Fundraiser helps Wheaton family combat cancer
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Ross MacNeill asked his family to grant him two last wishes before he passed away.
He made them promise they would never let another child endure what he did. And he made them promise they would care for the homeless.
"It was simple to us," said his mom, Kim MacNeill. "We made the promise to him and we keep our promises."
True to their word, shortly after 11-year-old Ross of Wheaton died on May 13 from a malignant brain tumor, the MacNeills started the Ross K. MacNeill Foundation, fighting pediatric brain cancer and homelessness.
From 9 a.m. until 9 p.m. Saturday at Center Ice of DuPage in Glen Ellyn, the Admirals hockey organization that Ross played for will sponsor an "Orange and Pink at the Rink" event, with all donations going toward the Ross K. MacNeill Foundation and organizations fighting breast cancer.
The event is significant in many ways.
In addition to being a devoted hockey player and Chicago Blackhawks fan, Ross' favorite color was orange.
According to the Children's Brain Tumor Foundation, 28,000 children are living right now with a diagnosis of a primary brain tumor. Every day in the U.S., 10 children's families will learn their child has a brain tumor.
The MacNeills received the shocking news July 3, 2009, following a seemingly innocent MRI when Ross was experiencing occasional headaches playing travel hockey. The night of the diagnosis, Ross was taken to Children's Memorial Hospital, and the MacNeills' journey began.
"It is impossible to describe how life-shattering that phone call is," Kim said. "We want to do whatever we can to get that number from 10 kids diagnosed every day to 0."
Cancer was how Ross died, after a four-year battle. In life, Kim said her son "lived his 11 years beautifully and selflessly." His eyes never looked past the less fortunate.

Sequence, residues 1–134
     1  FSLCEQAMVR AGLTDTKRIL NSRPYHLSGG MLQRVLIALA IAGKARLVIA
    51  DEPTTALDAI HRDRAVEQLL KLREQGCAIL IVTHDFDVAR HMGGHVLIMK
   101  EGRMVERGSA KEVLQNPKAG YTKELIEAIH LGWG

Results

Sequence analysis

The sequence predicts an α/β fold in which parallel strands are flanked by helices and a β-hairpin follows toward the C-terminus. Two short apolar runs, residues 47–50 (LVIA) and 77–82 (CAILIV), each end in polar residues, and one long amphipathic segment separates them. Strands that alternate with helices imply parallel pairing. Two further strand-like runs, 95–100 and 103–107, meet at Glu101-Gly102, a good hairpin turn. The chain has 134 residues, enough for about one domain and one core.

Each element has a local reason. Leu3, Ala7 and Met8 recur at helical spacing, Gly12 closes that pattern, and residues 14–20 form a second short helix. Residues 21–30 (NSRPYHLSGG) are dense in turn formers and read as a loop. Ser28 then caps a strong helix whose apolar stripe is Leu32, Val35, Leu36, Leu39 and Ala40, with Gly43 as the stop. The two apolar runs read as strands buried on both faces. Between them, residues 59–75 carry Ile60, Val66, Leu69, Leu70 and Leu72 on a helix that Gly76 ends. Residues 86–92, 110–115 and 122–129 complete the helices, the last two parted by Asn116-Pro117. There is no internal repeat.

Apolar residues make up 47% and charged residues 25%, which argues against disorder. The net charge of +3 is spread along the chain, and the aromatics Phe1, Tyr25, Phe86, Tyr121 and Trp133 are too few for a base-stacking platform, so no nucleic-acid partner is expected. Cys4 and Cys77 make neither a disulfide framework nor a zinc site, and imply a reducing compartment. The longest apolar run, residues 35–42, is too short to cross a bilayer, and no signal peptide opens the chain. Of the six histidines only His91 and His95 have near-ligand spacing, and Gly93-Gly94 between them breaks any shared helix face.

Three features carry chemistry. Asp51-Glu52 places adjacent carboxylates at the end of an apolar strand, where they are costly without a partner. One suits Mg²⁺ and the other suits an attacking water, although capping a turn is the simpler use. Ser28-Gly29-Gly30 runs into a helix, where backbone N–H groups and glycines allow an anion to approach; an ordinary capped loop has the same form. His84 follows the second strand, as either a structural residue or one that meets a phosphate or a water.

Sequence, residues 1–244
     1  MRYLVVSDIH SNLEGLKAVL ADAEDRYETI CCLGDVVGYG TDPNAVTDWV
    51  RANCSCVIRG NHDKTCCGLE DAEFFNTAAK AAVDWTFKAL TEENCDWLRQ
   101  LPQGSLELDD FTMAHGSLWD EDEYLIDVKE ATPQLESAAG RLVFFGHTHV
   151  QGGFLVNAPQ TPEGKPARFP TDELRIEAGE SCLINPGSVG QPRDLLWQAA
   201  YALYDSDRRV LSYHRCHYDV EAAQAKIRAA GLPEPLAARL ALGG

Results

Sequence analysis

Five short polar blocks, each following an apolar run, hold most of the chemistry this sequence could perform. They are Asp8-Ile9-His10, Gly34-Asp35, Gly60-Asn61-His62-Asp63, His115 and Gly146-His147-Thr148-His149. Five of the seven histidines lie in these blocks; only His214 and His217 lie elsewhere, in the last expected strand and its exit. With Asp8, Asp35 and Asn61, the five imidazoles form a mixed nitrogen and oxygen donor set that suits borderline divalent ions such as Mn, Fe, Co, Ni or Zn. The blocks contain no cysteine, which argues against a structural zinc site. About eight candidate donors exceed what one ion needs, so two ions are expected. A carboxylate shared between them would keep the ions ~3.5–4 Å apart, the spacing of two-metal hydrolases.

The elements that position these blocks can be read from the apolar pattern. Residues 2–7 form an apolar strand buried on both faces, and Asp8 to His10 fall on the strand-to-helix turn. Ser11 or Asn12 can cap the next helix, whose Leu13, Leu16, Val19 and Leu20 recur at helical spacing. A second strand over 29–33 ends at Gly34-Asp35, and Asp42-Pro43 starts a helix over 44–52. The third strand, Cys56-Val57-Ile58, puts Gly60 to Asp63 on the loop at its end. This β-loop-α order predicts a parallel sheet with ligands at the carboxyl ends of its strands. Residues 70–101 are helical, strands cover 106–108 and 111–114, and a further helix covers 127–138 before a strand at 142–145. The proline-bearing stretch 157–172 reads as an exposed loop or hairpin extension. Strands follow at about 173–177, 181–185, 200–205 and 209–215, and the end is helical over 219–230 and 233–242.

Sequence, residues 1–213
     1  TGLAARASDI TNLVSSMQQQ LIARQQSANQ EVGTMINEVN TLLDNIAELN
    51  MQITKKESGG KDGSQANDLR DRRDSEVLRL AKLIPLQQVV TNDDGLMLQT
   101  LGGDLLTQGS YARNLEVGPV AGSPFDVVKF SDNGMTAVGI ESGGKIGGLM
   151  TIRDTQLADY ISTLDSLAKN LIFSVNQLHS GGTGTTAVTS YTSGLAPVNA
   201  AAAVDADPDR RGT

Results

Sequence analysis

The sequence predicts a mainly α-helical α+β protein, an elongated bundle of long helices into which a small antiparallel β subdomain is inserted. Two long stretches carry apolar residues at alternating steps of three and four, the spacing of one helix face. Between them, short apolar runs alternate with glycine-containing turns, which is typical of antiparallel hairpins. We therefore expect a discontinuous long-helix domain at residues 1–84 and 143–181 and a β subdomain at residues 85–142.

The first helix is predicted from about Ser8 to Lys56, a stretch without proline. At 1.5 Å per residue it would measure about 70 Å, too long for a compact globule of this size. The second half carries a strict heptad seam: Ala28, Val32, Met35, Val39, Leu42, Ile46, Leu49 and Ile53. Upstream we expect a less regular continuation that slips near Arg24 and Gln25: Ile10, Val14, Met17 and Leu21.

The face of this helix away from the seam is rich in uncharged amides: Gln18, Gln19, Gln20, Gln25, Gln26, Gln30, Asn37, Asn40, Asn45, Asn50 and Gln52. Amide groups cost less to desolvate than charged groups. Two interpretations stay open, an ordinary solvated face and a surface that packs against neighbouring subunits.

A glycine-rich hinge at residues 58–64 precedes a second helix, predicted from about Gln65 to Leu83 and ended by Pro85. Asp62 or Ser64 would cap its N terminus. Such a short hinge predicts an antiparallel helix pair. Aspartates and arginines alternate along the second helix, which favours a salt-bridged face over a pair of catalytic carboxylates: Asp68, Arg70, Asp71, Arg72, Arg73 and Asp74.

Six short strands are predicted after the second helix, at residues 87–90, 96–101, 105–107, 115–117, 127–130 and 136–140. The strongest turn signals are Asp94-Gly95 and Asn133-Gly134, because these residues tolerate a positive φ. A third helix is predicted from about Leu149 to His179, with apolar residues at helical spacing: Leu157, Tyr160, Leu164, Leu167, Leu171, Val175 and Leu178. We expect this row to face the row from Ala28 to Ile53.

Kim recalled a drive through downtown Wheaton, passing a homeless person. On their way back home, Ross asked if they could bring the man a muffin the next day. From then on, Ross wished to always give the homeless he came across whatever he had. A dollar here, a snack in the car or muffin from home there.
"Homelessness through Ross' eyes was a simple thing. He would say, 'They are just people like me without what I have,'" Kim said. "That moment, it completely changed our family's perspective."
The foundation's efforts to fight homelessness are local, as it supports DuPage Public Action to Deliver Shelter. The MacNeills' fight against pediatric brain cancer starts with increasing awareness, funding and urgency, and a commitment to raise money and invest in promising research.
Kim asks if one could wave "an ultimate wand," which 10 children would a person pick to be diagnosed with cancer every day? Or could a person tell 10 kids every day they had cancer?
"You are joining us if you are uncomfortable with that statistic," Kim said. "Our son gave his life to this cause. We are going to fight pediatric cancer and homelessness with everything we got."
An online donation page at www.r33m.org will be available soon. Until then, donations can be sent to The Ross K. MacNeill Foundation, PO Box 333, Wheaton IL 60187.
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